Chasing value in Glenorchy

Gaining traction: Glenorchy township with Alfred's Terrace in the foreground PICTURE: TOBY SHARPE

Glenorchy’s real estate market’s taking off as the township’s increasingly viewed as value for money.

Leading the charge is the top-of-the-lake’s largest subdivision, 60-lot Alfred’s Terrace, where 25 sections have sold and four are under contract.

Prices ranging from $300,000 for 800 to 1250 square metre sections represent “by far the best-value sections in the Waka-tipu”, local Ray White co-owner Bas Smith, whose firm has the master agency, says.

“These days we are finding Queenstown people, young families, professionals, health advocates and lifestylers, are seeing Glenorchy as amazing value when they consider the growing, vibrant community culture alongside the incredible amenity of nature which is right there for them.”

Smith – who personally named the subdivision after one of the first white men to set eyes on Glenorchy, Alfred Duncan – says it used to be “a bit of a macho town”, but that’s changed radically.

Among the buyers is local developer Douglas Rikard-Bell, who believes Glenorchy “represents a strong relative value proposition in the wider region”.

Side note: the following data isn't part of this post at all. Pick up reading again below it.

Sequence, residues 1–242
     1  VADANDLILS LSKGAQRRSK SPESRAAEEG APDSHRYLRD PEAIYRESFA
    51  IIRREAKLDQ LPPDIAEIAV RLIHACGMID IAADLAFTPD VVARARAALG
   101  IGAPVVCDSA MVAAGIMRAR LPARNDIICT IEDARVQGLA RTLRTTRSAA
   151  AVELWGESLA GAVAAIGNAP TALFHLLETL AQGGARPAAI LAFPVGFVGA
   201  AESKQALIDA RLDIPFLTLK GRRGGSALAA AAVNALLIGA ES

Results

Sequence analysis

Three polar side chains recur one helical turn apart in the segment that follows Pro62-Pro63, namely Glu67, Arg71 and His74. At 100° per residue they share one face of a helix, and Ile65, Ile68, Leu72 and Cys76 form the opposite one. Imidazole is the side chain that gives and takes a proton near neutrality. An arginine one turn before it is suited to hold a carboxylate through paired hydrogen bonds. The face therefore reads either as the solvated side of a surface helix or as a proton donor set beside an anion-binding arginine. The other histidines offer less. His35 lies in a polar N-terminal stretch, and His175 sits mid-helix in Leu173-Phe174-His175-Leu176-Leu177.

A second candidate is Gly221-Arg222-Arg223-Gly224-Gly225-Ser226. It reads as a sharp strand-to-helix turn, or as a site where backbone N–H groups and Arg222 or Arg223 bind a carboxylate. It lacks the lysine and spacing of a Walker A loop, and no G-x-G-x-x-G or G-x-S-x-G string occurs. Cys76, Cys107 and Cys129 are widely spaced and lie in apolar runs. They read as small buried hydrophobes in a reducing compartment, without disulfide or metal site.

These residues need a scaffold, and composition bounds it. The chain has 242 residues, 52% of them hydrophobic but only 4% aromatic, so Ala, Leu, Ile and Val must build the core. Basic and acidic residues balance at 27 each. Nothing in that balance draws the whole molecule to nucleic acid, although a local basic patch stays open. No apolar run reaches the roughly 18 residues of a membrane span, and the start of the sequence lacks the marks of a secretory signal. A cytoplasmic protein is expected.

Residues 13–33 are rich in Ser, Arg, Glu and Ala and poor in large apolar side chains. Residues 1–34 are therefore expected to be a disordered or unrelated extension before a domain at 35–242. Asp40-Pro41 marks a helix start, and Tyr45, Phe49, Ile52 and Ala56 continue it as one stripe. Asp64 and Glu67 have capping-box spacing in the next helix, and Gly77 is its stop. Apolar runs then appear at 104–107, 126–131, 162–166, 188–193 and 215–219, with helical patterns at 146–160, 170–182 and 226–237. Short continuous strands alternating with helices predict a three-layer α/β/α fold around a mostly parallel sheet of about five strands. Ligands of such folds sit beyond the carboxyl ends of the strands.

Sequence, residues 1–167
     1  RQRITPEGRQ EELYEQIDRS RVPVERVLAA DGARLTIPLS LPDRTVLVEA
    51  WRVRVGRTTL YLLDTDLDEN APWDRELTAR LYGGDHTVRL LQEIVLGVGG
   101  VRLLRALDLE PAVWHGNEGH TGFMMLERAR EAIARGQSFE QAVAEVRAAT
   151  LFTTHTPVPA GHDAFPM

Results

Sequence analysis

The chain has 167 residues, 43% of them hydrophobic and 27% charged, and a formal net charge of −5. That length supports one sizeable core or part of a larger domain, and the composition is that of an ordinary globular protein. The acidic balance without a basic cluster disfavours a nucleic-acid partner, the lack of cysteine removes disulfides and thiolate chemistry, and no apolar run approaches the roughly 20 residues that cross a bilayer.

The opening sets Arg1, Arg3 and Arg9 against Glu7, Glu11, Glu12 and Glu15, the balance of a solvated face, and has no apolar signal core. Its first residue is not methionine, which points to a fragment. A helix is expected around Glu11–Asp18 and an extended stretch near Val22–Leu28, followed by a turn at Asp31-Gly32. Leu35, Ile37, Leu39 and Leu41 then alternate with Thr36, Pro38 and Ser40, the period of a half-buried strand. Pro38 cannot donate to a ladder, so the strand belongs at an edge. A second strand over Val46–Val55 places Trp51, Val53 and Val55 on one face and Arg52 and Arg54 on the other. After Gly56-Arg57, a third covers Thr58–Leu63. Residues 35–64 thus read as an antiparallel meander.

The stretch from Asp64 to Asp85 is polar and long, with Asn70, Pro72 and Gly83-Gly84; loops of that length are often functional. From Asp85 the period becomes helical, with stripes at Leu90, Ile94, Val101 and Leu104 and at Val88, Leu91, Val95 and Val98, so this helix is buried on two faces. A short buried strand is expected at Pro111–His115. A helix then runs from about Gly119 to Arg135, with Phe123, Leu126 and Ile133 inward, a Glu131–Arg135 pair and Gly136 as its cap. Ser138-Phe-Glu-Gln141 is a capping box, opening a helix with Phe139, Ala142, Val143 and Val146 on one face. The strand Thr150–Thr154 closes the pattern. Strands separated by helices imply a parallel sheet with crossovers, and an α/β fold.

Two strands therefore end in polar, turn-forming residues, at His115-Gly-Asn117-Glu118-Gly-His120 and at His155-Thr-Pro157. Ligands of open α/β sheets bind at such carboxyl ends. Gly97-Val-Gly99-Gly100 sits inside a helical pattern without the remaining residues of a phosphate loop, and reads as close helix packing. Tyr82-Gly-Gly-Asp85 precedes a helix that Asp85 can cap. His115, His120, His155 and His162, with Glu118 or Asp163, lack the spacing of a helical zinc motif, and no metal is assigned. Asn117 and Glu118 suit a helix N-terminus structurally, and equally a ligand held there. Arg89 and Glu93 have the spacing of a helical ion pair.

This year he paid $2,495,000 for an 8079sqm lakefront site where he’s recreating the historic Mount Earnslaw Hotel which burnt down in 1959.

He’s also looking at building a cheaper lodge and worker accommodation huts on other sites.

Also developing is Queenstowner Kath Cruickshank, who owns Glenorchy Motel.

She’s applying to subdivide into eight sections a 7866sqm Mull Street section she bought this year for $1,040,000.

She says section prices have more than doubled in the past three years – in that time, she bought a section for $145,000 and sold it for $315,000.

Local Colliers International agent Rowan McDonald, who’s been selling Glenorchy property for at least 10 years, notes that Queenstowners are nowadays far keener to live there and, if necessary commute, than they used to be.

And other Queenstowners like the idea of holidaying there – “they’re thinking, why buy a holiday home in Nelson, or wherever, and use it twice a year, whereas you can whip up there every other weekend”.